God has said to me, “My grace is sufficient for you, for power is perfected in weakness.” Most gladly, therefore, I will rather boast about my weaknesses, so that the power of Christ may dwell in me. (2 Corinthians 12:9)

Finally, in the book of James, chapter one we read:

When all kinds of trials and temptations crowd into your lives my brothers, don’t resent them as intruders, but welcome them as friends! Realize that they come to test your faith and to produce in you the quality of endurance. But let the process go on until that endurance is fully developed, and you will find you have become men of mature character. (James 1:2-4, Philips Translation)

Even though nobody looks forward to adversity, those who have learned to walk with God through it come to realize that it is really the only way we can truly come to know God intimately, and have a share in his character.6  I guess this is why the apostle said he had a three-fold goal: 1) to know Christ; 2) to experience the power of his Resurrection; 3) to experience the fellowship of his sufferings.7

Now, while everyone wants to pursue the first two of these goals, very few are working very hard to experience the third.  We can only have a positive attitude toward adversity ("consider it all joy")8 when we have our focus upon heavenly things.  This is the very mindset Paul had when he penned these words:

We do not lose heart: though our outer man is decaying, yet our inner man is being renewed day by day. For momentary, light affliction is producing for us an eternal weight of glory far beyond all comparison, while we look not at the things which are seen, but at the things which are not seen; for the things which are seen are temporal, but the things which are not seen are eternal. (2 Corinthians 4:16-18)

Answer #3

Years ago, as we were moving to pastor a new church in a new city, our family home sold very easily, and for a good price.  A friend of mine, who was also moving to be the pastor of a new church in a new city, was having great difficulty in finding a buyer for their home.  When he found out how quickly our home had sold, he jokingly remarked: "I guess God loves you more than he does me!"

On the other hand, I've experienced plenty of times when it seemed like other Christians whom I've known have had an easier time than I have.  How can we account for this seeming variety of treatment by God toward his children who are seeking to put their trust in him?

After Jesus had been crucified and resurrected, he was having a conversation with his disciples.  Jesus gave Peter a glimpse into his future and indicated what kind of a death he would experience.  Peter immediately looked around at John, and asked Jesus: "What about him?"  Jesus responded: "If I want him to remain until I come, what is that to you? You follow me!"9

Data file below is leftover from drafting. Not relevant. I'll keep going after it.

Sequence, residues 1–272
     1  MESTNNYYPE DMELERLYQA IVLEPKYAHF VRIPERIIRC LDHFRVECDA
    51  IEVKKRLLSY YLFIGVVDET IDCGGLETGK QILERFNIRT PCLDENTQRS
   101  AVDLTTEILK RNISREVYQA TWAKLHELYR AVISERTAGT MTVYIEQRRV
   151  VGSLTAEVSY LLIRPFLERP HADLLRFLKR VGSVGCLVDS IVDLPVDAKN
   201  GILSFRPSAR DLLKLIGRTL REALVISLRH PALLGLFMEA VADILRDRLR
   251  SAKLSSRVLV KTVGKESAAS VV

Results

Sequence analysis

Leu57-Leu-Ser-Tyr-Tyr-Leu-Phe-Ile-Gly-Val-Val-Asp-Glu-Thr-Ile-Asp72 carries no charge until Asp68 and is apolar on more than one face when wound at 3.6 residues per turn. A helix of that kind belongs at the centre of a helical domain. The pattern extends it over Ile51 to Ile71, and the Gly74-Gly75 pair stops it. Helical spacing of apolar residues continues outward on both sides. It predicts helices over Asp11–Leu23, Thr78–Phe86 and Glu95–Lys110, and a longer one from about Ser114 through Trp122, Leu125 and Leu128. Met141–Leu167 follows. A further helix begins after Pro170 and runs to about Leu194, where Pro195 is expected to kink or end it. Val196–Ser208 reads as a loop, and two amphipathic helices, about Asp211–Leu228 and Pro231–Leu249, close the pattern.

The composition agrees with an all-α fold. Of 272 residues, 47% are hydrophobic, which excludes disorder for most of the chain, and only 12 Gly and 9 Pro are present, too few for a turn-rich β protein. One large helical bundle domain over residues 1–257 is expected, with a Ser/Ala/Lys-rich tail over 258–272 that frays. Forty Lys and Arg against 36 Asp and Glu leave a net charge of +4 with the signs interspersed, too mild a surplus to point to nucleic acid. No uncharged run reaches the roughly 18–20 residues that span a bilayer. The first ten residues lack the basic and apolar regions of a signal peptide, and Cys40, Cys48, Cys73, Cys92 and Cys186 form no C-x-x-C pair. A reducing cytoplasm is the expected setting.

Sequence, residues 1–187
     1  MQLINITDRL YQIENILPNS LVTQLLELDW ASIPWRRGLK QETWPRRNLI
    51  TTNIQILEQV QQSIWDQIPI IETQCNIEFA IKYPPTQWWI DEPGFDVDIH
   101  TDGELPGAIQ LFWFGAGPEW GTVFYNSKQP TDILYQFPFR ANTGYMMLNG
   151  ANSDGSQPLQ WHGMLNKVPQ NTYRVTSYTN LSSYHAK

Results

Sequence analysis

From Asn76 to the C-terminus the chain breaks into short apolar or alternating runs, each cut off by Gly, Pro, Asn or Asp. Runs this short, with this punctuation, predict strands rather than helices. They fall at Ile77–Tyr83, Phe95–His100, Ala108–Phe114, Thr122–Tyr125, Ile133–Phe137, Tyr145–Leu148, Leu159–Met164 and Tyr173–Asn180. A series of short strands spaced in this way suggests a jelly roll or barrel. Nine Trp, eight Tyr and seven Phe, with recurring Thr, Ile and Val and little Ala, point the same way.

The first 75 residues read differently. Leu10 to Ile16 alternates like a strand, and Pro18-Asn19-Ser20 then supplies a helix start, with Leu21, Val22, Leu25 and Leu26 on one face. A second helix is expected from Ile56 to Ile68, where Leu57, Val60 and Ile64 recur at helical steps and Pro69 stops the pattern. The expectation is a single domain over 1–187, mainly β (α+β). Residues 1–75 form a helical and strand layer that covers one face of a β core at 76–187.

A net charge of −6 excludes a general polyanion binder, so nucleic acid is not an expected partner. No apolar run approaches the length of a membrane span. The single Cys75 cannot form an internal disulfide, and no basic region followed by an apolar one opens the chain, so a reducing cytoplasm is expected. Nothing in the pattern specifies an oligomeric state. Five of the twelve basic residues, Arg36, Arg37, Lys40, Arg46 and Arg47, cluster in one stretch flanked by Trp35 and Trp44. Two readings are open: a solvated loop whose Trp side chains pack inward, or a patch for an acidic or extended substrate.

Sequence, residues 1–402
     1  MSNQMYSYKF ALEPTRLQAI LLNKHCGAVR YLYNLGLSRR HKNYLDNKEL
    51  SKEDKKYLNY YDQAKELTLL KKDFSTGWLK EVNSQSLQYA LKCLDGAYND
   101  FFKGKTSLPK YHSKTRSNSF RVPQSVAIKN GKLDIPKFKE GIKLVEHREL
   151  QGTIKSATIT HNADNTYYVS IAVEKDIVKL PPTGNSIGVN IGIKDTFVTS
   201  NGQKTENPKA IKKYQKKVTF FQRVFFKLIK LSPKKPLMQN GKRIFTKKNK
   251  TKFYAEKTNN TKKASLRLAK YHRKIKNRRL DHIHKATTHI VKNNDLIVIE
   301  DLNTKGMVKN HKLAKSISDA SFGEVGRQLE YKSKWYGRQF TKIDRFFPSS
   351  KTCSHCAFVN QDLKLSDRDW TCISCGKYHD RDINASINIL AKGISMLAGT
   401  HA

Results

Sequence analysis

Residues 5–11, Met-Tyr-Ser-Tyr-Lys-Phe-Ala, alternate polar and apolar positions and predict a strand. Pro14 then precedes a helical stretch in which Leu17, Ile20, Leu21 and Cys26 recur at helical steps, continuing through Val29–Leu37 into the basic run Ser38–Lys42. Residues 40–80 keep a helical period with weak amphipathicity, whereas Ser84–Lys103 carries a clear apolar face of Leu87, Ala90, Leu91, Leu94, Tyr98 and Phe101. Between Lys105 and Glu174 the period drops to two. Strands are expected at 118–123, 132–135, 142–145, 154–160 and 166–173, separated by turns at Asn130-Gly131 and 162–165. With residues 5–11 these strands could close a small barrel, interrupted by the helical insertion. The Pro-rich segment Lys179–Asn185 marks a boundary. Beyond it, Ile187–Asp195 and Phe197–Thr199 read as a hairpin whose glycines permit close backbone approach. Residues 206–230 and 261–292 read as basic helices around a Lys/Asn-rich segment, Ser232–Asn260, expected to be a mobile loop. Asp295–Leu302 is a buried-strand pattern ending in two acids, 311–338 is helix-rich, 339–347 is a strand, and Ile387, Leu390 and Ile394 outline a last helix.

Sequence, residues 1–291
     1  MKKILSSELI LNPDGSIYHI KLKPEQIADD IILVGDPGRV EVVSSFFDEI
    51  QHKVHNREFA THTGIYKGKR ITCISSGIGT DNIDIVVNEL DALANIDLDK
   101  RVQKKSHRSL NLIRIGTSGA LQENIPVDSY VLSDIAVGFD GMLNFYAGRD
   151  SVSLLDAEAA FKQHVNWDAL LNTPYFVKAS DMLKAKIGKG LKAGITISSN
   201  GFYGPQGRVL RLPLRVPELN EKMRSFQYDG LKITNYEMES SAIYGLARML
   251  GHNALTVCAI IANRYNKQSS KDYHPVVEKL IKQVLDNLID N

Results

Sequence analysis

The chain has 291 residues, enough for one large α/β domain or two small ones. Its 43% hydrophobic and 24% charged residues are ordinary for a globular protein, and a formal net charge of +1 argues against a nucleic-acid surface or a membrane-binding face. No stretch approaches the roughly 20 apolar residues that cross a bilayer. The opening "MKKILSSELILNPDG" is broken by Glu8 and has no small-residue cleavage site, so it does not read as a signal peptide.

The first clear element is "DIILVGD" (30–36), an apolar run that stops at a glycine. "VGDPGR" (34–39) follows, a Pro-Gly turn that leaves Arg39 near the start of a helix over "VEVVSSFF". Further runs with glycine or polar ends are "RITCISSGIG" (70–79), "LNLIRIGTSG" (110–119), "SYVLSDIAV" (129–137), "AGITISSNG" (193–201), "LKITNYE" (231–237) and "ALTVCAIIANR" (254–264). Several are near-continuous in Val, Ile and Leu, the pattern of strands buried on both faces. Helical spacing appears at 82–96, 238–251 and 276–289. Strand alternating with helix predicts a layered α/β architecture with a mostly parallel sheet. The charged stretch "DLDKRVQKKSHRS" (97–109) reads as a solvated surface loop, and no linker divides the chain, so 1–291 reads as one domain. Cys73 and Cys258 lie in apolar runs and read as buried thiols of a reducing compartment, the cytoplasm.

The apostle Paul explained this phenomenon to the churches of Galatia very simply:  "Each one will bear his own load."10  God gives each of us a unique path to walk,11 and we're responsible to him to humbly and faithfully walk that path with him.12  It has been my observation throughout my life that we humans generally think that our problems are more severe than others'.  But there are certainly times when it seems that friends or family members of ours are suffering much more than we are, even though they are seeking to trust the Lord like we are.  Why is this so, and what can we do?

It's possible that you are suffering as much as they are, but that you have a different perspective than they do.  When the apostles Peter and John were beaten for preaching the gospel, how did they respond?

So they went on their way from the presence of the Council, rejoicing that they had been considered worthy to suffer shame for his name. (Acts 5:41)

Apparently they were doing just as the apostle Paul instructed the Colossian church to do:

Therefore if you have been raised up with Christ, keep seeking the things above, where Christ is, seated at the right hand of God. Set your mind on the things above, not on the things that are on earth. (Colossians 3:1-2)

Surely the Lord has taken you through difficult times, and you can use those experiences of God's comfort, in turn, to offer comfort to others.13  Always remember that it's probably not words that they need, but rather just your caring presence there with them.

Joseph Bayly, author of The View from a Hearse, lost three children; one died at birth, another at about five, and the third in his teens.  He tells about a time he was sitting in the hospital as he was awaiting word from the doctors regarding one of his children.  One man came to visit and talked incessantly.  He only wanted the man to leave.  Another man came and just sat beside him, said nothing, but simply shed some tears with him.  Joe Bayly didn't want him to ever leave!

The problem of suffering will always be with us, until we see Jesus.  These are the most helpful words I think I can share regarding suffering and adversity: when God allows adversity into our lives, he is saying, "Come closer."  A godly man I knew said, "When God puts us on our back, it is so we will look up."  

The trials of life are what God uses to draw us into a closer relationship with him.  They are also what he uses to make us more like his Son Jesus.  I don't become more like Jesus when I'm water skiing.  I love to water ski, but it's only when I'm going through adversity that I become more like my Savior.  It's for this reason that I've come to the conclusion that it's in the middle of adversity when life really happens.


Consider it all joy, my brethren, when you encounter various trials. (James 1:2)

1 And I, if I am lifted up from the earth, will draw all men to myself.” (John 12:32)

2 2 Peter 3:9

3 1 Timothy 2:4

4 In his letter to the churches of Galatia, Paul twice seems to indicate that he had a problem with his sight: "I bear you witness that, if possible, you would have plucked out your eyes and given them to me." (4:15) "See with what large letters I am writing to you with my own hand." (6:11)  

5 2 Corinthians 12:7

6 The Bible says the Jesus "learned obedience from the things which he suffered. (Hebrews 5:8)  If the Son of God needed to suffer in order to learn, do we think we can become like him through another, easier process?

7 Philippians 3:10

8 James 1:2

9 John 21:22

10 Galatians 6:5

11 For we are his workmanship, created in Christ Jesus for good works, which God prepared beforehand so that we would walk in them. (Ephesians 2:10)

12 He has told you, O man, what is good; and what does the Lord require of you but to do justice, to love kindness, and to walk humbly with your God? (Micah 6:8)

13 Blessed be the God and Father of our Lord Jesus Christ, the Father of mercies and God of all comfort, who comforts us in all our affliction so that we will be able to comfort those who are in any affliction with the comfort with which we ourselves are comforted by God. (2 Corinthians 1:3-4)